Alternative hoof care gains success in Europe & the US

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One of the world’s fastest harness horses  - Sebastian K -  has so far trotted his way to more than $US2.8 million dollars around race tracks in Europe and America, barefoot. According to his trainer, he goes better without shoes. He recently ran a world record time for a mile – 1.49 seconds, barefoot, in the US. His trainers and connections are Swedes.
 
And for many of the Swedish harness horses, if they are not barefoot, then they are wearing  flexible (metal)  shoes with polyurethane inserts which mimic the function of a barefoot hoof.  They find that the hoof functions better if it is not cast in rigid steel.
 

 

Photo courtesy Chris Tully www.harnesslink.com

Photo courtesy Chris Tully www.harnesslink.com

 “Locking a horse’s hoof into a traditional shoe takes away its natural movement and stability. Once this impediment is removed, your horse will regain his stability and his confidence will improve,“ – RazerHorse 

 
And its not only the Swedes. At Caen in France in May, 14 of the 19 starters in a major harness feature race, ran barefoot. And in the thoroughbred industry, a significant number of horses trained by South African trainer Mike De Kock in Europe and the US are currently being trained barefoot and shod only for raceday.
 
While it is not unusual for harness horses in Europe, Scandanavia and the US to race barefoot, most of the equine athletes still remain shod.  Some trainers switch between barefoot and shoes, depending on the surface and conditions for each race. There are concerns that without shoes the horses will wear their hooves down too much.  So there is a market for a ‘bridge’ product between traditional metal shoes, and barefoot.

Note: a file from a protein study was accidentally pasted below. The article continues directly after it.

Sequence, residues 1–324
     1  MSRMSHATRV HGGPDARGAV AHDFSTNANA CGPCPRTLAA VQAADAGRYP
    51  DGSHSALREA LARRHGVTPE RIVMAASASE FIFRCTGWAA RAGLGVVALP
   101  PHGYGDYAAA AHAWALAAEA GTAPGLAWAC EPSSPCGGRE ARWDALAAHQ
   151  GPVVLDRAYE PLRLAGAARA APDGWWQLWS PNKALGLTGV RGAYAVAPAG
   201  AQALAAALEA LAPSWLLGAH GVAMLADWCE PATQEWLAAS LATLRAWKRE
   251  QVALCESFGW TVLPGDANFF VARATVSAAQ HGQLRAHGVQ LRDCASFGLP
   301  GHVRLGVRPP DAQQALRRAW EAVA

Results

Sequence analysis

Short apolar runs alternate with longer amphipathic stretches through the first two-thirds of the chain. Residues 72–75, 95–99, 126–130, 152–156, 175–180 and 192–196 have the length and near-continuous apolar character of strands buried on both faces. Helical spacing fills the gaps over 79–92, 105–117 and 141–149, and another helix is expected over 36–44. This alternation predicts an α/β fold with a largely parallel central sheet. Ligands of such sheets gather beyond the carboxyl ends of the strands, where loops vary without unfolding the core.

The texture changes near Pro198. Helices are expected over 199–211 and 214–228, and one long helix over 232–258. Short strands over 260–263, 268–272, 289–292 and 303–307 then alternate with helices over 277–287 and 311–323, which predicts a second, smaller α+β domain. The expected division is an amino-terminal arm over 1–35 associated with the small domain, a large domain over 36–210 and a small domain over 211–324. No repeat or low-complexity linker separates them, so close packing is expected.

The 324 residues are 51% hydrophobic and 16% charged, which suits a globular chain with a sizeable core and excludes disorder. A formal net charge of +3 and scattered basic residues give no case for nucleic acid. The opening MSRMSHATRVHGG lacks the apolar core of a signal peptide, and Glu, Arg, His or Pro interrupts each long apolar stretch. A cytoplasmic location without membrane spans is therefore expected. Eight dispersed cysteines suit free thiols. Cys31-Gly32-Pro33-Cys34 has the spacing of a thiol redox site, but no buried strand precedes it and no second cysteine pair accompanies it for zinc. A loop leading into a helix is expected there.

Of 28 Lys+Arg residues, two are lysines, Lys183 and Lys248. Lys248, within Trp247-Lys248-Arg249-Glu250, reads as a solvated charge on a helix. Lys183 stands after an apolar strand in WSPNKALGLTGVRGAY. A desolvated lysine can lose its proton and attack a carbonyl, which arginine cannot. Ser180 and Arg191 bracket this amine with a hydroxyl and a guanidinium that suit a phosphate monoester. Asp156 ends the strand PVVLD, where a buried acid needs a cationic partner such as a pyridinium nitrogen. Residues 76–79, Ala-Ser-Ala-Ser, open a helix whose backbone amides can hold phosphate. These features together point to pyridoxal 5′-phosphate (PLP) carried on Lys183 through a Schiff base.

Which is where  Swedish technology underpinning RazerHorse comes in. Their shoe design allows unilateral movement of the heel bulbs. Just like on a barefoot horse.  The companion product ProPads, are designed to keep the frog in the equation as a shock absorber and spread the load across more of the hoof than simply the hoof walls.  Again. Similar to the way a barefoot hoof functions.  Based on Swedish research, the company goes on to say:  “The frog acts as an airbag when it has full contact with the ground, then absorbs approximately 60% of the recoil shock that occurs upon landing.”

Consequently they have worked to overcome the way a metal shoe elevates the hoof and disables the frog’s innate function. ‘The ProPad gives a barefoot feeling and restores proper frog function when shod,” the company states. “Locking a horse’s hoof into a traditional shoe takes away its natural movement and stability. Once this impediment is removed, your horse will regain his stability and his confidence will improve.“
 
What is interesting for us at The Functional Hoof Conference, is this convergence of techniques. On the one hand there are concerns about protecting the hoof, but acknowledgement that traditional methods of farriery may limit the very  functionality of the hoof. And consequently we are seeing efforts to create a solution which works better than a rigid metal shoe.
 
- Rebecca Jacaranda Scott